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World - Sinking land and rising seas: the dual crises facing coastal communities

A double whammy of climate change and human-caused land subsidence means global coastal residents are experiencing extreme sea-level rise.

The world’s coastal residents are experiencing more extreme sea level rise than is widely appreciated because they are concentrated in places where the land is sinking rapidly, a study published Monday in Nature Climate Change has found.

Sea levels are rising globally as Earth’s ice sheets melt and as warming sea water expands. But on a local scale, subsidence, or sinking land, can dramatically aggravate the problem. Cities like New Orleans and Jakarta are experiencing very rapid sea level rise relative to their coastlines—the land itself is sinking as the water is rising.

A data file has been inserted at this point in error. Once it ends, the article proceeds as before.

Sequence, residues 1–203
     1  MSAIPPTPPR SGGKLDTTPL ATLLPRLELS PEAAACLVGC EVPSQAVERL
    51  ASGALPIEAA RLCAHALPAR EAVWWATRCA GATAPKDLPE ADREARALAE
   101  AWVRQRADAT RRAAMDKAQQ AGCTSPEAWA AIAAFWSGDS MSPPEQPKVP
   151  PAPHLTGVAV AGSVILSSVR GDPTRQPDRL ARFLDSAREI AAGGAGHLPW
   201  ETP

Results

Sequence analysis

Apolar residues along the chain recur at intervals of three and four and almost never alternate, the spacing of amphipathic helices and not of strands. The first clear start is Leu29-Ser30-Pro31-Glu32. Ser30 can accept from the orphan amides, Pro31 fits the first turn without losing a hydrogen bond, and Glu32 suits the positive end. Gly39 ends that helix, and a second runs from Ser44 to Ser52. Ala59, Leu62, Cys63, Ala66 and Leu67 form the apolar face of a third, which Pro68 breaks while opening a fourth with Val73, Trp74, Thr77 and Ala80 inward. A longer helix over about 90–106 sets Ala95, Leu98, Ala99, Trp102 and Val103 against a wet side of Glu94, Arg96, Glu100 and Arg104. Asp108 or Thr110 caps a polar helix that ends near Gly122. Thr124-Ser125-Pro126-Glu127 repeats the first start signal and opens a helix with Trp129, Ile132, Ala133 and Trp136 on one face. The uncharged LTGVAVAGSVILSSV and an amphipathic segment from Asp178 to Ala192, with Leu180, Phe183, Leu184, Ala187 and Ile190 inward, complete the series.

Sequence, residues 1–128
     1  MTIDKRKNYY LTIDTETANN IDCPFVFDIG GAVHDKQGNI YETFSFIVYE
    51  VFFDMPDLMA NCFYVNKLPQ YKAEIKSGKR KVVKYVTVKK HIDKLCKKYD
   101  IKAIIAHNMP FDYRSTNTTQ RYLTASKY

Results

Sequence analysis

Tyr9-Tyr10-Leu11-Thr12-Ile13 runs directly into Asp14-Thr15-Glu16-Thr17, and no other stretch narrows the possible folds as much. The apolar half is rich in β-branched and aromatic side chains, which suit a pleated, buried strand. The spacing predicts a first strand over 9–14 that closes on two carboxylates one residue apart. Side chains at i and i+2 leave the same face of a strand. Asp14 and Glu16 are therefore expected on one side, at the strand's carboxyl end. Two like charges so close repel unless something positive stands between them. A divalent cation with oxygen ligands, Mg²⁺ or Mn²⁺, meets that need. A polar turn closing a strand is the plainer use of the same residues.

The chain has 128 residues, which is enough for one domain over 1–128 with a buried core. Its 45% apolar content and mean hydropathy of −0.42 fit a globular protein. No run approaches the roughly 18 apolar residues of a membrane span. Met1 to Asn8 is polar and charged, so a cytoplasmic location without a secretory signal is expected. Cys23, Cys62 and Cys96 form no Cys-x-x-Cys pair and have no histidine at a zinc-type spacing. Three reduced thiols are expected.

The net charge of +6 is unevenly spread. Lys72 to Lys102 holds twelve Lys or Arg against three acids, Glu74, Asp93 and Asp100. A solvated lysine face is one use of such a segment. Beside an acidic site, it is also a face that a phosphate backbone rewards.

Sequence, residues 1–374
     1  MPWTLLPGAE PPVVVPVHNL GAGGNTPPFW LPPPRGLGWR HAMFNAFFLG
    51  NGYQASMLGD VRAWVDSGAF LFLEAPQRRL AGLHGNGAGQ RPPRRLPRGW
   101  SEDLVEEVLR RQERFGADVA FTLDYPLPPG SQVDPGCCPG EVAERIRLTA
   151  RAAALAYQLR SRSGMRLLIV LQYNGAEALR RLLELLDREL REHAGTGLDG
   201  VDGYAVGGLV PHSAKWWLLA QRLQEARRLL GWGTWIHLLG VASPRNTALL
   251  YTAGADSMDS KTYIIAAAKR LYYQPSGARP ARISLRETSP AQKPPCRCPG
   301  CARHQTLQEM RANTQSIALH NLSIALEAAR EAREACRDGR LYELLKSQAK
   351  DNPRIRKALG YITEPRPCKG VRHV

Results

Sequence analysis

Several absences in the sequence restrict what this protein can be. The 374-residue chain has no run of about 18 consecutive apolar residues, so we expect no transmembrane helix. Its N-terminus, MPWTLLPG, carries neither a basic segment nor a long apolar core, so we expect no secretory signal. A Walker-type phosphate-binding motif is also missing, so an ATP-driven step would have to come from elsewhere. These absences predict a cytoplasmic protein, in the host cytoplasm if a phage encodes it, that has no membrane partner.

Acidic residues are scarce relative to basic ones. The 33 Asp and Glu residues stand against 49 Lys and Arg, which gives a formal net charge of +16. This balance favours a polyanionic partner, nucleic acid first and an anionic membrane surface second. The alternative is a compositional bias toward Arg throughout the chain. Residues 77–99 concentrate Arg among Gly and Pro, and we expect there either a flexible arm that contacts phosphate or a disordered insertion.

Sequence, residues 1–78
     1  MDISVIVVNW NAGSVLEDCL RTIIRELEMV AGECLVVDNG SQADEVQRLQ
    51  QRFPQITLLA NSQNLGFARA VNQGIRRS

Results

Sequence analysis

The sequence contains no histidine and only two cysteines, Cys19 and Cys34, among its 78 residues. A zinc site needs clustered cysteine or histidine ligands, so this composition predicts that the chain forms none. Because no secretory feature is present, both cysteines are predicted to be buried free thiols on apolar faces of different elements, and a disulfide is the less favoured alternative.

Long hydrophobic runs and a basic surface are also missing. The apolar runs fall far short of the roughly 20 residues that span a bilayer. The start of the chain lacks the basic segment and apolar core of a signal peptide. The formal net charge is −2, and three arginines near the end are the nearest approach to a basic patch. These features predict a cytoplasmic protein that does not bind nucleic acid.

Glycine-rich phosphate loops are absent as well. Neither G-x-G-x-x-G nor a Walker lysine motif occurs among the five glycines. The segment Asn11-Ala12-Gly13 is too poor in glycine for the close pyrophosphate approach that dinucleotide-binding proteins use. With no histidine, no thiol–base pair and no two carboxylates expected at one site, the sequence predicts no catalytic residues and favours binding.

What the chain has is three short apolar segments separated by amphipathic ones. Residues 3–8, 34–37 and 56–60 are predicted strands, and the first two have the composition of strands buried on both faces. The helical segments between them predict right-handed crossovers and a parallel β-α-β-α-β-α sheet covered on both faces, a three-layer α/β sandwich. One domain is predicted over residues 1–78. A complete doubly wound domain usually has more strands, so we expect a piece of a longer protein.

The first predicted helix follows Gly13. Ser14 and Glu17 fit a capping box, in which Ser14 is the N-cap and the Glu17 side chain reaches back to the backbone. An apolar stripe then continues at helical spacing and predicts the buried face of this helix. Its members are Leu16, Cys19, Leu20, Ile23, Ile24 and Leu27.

Now, an international team of researchers has demonstrated that this one-two punch is more than a local problem. Sinking land makes coastal residents around the world disproportionately vulnerable to rising seas: The typical coastal inhabitant is experiencing a sea level rise rate three to four times higher than the global average.

“We are talking about not a forecast; we are saying this is happening today,” says lead study author Robert Nicholls of the University of East Anglia’s Tyndall Centre for Climate Change Research. “And it’s quite significant.”

The silver lining, such as it is: Where coastal land is sinking, it’s in large part because of human activities, like groundwater withdrawal, that coastal cities can do something about.

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